Nicholson Named New Football Coach

Former Brush assistant football coach looks to improve the Shaker program

Former Brush assistant  and current Shaker head coach Alex Nicholson addresses his players on the sideline during a Brush football game.

Shaker.org

Former Brush assistant and current Shaker head coach Alex Nicholson addresses his players on the sideline during a Brush football game.

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Alex Nicholson was named the new Shaker Heights High School head varsity football coach Feb. 19.

The hiring came after former head coach Jarvis Gibson resigned Oct. 26 after being put on administrative leave Oct. 23. Gibson was placed on leave after the district discovered that a volunteer assistant coach, Jonathan Harrell, was convicted of six charges and sentenced to 180 days in jail in 2014.

During Gibson’s eight years at Shaker, the Raiders made the playoffs once, in 2013. Shaker’s last appearance came in 2005.

Nicholson will continue to work at Brush High School for the rest of the 2018-19 school year but will work full time at Shaker beginning in 2019-20 as both physical education teacher and coach.

“I feel that competition year-round is the best when we are working in the offseason,” Nicholson said. “We will work out every day in the summer and we will use our 10 camp days [according to OHSAA rule] the right way. We will compete and have fun doing it.”

“It’s going to take consistency and hard work to change the program. I am going to be here long hours and I am going to meet every player here individually,” Nicholson said.

The upcoming football season will also be Shaker’s last year in the Greater Cleveland Conference. The Board of Education announced in early January that all sports will transfer to the Lake Erie League beginning in the 2020-2021 season. An email message about the move cited “the lack of diversity and cultural sensitivity in some of the communities in the GCC,” along with, “geography and travel time.”

Nicholson said the conference move would not alter his approach. “Game planning doesn’t change for me every week,” Nicholson said. “I treat every game like it’s my last game I played. We’re going to scout every ins and outs. If there is a rock to pick up to look underneath, we are going to pick up that rock.”

“We are going to spend a lot of hours in the film room and preparing,” he said.

According to shaker.org, “after an extensive interview process that included a panel of teachers, administrators, counselors and parents [Middle School and High School], alumni and current and former Shaker football players,” Nicholson was selected from a group of three finalists.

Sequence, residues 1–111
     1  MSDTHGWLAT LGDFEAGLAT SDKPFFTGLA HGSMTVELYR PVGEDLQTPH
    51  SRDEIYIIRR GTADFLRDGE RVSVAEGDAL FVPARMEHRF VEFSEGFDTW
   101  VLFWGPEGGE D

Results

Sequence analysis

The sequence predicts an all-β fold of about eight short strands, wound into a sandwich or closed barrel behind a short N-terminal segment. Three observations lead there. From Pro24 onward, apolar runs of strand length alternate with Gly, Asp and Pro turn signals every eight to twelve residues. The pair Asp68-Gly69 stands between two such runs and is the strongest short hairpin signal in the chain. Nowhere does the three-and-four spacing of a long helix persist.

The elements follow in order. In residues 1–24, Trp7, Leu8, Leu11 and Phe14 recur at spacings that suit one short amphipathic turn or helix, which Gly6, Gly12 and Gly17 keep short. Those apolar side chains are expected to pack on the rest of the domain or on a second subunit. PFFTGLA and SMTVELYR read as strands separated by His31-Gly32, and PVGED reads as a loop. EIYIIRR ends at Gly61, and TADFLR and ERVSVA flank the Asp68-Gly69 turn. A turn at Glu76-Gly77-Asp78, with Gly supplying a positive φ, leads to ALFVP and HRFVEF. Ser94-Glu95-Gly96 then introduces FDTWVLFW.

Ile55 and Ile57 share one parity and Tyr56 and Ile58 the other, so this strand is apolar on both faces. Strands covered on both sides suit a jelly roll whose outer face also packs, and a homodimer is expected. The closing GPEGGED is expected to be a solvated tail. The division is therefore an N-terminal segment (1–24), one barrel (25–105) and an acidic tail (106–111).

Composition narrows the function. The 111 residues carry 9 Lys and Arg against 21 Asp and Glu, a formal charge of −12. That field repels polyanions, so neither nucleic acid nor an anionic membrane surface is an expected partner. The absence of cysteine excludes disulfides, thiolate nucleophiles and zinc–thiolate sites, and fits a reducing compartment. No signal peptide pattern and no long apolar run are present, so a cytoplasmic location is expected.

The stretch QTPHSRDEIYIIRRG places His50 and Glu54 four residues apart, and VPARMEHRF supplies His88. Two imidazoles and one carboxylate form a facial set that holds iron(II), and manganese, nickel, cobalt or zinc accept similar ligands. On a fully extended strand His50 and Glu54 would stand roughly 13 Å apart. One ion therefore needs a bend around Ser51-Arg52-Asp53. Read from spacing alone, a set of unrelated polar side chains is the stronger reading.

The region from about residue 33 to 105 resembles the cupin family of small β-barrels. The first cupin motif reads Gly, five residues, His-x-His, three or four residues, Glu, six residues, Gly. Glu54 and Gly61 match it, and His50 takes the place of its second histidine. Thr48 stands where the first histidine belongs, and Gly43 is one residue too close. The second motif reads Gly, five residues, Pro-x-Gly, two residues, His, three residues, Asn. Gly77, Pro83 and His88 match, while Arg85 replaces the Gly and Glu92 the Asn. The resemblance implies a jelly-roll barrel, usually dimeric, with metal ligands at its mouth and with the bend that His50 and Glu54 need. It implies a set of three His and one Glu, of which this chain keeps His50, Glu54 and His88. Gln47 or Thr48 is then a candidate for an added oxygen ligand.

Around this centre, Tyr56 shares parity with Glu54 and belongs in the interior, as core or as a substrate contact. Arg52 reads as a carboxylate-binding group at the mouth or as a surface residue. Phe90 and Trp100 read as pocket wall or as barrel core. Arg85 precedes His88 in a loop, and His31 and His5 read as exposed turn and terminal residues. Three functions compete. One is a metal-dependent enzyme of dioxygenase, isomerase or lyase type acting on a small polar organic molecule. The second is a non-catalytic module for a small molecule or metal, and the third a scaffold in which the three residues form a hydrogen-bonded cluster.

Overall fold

This post will be Nicholson’s first as a head coach. He was an assistant coach at two Chicago schools and at Luis Munoz Marin School in Cleveland. Most notably, Nicholson has been the head assistant coach at Charles F. Brush High School since 2016. He contributed to Brush’s success in the 2017 season, when the Arcs went 9-3 and advanced to the playoffs for only the third time in school history.

The Raiders went 5-5 last year and have not appeared in the playoffs for five years. However, Nicholson joins a program that sent 11 athletes play college football in 2014.

“This is the Shaker Heights community program,” Nicholson said. “We will all make decisions together and we’re going to run with it. In order to do the culture right, it’s going to have to be consistency — that’s the number one thing anytime you change anything — and you want to remain relevant for a long time. There is no gray area, it’s this way or the other way.”

Nicholson will bring in new coaches to complete the staff. He currently holds offseason workouts every Tuesday, Wednesday and Friday after school in the weight room.

On the first day Nicholson met with the team, he handed every player a paper bearing a mission statement: “To create an elite culture that will develop our athletes to thrive in stressful conditions, create student-athletes of high character, and build a common bond within our program.”

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